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I really struggled when it came to what I wanted to wear to this wedding. I have a couple of beautiful silk dresses that I have worn to other friends’ weddings, but this is a younger wedding and I wanted to wear something a bit more fun. I was also keen to make something. I had planned to make my Liberty Macaron, but I went off that idea quite quickly after finishing the toile. Even though most of my clothes are quite quirky, when it comes to lines, I like classic simplicity. Somehow a sweetheart neckline didn’t feel right.

I spotted some beautiful viscose on Fabric Godmother, featuring a cute cocktail print, and thought it would make a great maxi Southport. I vacillated about whether and how much to get, and in the end it sold out before I could buy any. I was sad about that, but the fabric was cream and I was definitely uncertain about wearing a full-length white dress to someone else’s wedding. After some more looking around, I came across this rocket-print fabric that I had spotted on Fabric Godmother before. Soon, two metres were winging their way to me.

I am slightly worried that I am insane. My previous attempt at working with silk was an absolute disaster. I have also never worked with a sheer fabric. I have less than two weeks to learn a lot of new skills, and any mistakes will mean ruining the costly fabric.

I’m also worried the dress won’t turn out the way it looks in my head. The fabric is darkest navy and I’m just not sure the whole thing will work.

Planned changes

  • Eliminate button band again
  • Cut back bodice neckline to match front bodice neckline (perhaps even an inch deeper) to give a dressier effect
  • Fully line bodice. I still haven’t fully decided whether I will be underlining or lining. At the moment, I’m thinking underlining because I don’t want the seams to be visible through the sheer fabric. But then how will I finish the neckline and armholes? Will the bias binding finish work through two layers? This is so complicated! I need to keep reading up on this. Current plan is to underline and use bias binding to finish.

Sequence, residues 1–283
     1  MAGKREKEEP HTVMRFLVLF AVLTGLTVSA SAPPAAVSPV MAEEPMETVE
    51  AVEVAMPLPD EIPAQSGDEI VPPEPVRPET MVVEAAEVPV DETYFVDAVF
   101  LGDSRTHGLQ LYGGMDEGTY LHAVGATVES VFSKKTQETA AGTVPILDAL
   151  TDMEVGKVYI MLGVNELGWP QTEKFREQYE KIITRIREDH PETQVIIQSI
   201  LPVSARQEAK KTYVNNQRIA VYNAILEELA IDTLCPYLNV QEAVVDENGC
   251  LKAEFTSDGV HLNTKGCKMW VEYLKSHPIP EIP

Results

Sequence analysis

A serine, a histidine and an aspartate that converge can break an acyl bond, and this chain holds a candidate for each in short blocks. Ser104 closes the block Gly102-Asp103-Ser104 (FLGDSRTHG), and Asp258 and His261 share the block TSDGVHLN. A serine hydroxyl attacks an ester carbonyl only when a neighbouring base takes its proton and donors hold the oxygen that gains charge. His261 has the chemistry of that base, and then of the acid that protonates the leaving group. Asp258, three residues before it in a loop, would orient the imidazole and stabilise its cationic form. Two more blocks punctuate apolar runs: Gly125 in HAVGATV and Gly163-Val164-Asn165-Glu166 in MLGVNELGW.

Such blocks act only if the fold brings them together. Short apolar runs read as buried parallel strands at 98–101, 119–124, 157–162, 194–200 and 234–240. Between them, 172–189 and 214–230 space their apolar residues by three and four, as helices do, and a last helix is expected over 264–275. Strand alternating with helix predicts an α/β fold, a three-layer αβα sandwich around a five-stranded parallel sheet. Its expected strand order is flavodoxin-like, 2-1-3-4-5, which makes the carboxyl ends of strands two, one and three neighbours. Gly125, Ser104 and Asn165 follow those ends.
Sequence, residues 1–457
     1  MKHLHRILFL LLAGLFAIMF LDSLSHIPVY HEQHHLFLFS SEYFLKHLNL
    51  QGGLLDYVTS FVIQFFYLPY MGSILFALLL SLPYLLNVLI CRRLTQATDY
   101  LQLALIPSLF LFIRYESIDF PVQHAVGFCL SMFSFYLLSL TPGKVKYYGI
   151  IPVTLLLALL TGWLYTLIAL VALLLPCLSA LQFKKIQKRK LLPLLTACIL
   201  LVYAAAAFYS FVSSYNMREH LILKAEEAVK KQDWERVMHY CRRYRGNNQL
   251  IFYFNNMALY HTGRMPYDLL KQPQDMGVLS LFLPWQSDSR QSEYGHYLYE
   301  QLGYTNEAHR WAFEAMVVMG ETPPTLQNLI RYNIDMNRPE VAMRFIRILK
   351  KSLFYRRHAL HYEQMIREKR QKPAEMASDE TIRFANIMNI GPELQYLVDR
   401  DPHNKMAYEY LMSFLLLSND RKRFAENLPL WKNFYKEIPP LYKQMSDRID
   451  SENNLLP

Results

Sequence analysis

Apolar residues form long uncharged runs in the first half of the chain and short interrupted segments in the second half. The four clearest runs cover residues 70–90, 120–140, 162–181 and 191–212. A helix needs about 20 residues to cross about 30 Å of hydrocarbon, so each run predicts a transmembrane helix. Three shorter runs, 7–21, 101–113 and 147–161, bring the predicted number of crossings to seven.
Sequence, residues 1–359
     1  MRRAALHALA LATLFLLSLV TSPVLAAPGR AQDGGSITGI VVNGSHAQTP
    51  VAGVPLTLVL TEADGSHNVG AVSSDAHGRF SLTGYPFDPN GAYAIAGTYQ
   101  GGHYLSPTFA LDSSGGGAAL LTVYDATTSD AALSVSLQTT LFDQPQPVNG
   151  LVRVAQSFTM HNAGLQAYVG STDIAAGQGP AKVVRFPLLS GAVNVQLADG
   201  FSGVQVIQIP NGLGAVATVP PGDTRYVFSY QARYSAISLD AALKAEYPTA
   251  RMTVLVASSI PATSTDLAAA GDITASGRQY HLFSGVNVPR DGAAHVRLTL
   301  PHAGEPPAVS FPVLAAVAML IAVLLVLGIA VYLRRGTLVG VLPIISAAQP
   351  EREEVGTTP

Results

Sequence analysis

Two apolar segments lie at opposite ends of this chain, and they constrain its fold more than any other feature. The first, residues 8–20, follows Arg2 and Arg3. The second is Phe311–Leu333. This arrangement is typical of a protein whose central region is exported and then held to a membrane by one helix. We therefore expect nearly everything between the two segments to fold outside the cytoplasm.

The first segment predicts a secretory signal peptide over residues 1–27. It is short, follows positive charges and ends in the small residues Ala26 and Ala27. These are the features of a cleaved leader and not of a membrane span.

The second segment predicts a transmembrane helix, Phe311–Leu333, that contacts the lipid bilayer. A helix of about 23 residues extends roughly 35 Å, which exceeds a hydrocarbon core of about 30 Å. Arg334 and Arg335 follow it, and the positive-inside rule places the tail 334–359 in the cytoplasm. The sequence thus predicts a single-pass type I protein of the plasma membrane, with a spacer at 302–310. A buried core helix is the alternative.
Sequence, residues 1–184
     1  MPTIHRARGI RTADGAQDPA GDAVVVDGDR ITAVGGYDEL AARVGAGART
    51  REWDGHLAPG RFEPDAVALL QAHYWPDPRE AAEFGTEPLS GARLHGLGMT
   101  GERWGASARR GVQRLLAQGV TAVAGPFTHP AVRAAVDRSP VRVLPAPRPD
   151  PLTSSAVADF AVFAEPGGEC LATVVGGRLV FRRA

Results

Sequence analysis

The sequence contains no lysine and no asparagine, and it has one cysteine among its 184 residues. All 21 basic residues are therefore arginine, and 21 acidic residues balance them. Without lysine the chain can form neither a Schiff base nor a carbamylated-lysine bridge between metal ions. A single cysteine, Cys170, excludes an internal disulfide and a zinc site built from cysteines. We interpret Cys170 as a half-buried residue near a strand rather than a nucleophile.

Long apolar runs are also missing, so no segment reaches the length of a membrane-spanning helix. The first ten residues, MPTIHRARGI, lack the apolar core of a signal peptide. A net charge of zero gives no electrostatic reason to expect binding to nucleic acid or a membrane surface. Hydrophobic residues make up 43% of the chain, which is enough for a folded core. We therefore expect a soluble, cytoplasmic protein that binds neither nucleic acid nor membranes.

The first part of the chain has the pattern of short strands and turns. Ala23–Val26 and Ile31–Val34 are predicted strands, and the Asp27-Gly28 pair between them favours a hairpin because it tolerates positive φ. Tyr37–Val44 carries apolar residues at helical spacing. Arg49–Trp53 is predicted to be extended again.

• Add modesty lining to the upper part of the skirt
  • Eliminate pockets. These are two words I thought I would never type, but I don’t think they are a good idea in such a light fabric. Also, because the dress is sheer, you would be able to see the contents. Also also, the Southport directions don’t seem indicate to finish the side seams, and I need French seams to finish the silk voile. Update: I just didn’t see the instruction to finish the side seams when I made my my previous Southport. Comment about French seams still stands.
  • Remove 2cm length in a curve on the back bodice. Add scant 1cm length in a curve on the front bodice. Really, I probably need to do an FBA, but that’s for another time.

So far the cutting has gone okay. 2m was only just enough to squeak out this dress. If you are using a directional print or making a size bigger than about a 4, you will definitely need more. I also cut the selvedges as part of the pieces for the skirt front as I had practiced a seam finish that incorporates them.

The underlining was pretty fiddly. The silk is actually okay to work with as it is textured. The viscose is more tricky, being drapey. It just takes lots of time to smooth etc. I hand-basted the front and back pieces.


I found the bias binding finish even more annoying the second time! It’s just really fiddly. Not helped by using satin binding, but I thought that would be better suited to my fabric. Even more infuriatingly, the neckline doesn’t really sit flat. Pressing helped a bit. Maybe it’s because I didn’t clip the seam allowances.

Fortunately I took a break after writing the above paragraph. Things seemed less negative when I came back to the bodice, and the bias binding one the armholes went much better.

I’ve got to say I’ve enjoyed learning and trying out some tailoring techniques on this dress. I’m cautiously optimistic about the result.

Notes:

  • Adding length to the bodice in a curve also adds width to the pattern piece! I nearly got in trouble because the waist sections of my bodice and skirt weren’t the same length when I came to join them

Fabric: 2m silk voile, 1.5m viscose for lining

Pattern: Southport dress (maxi version)

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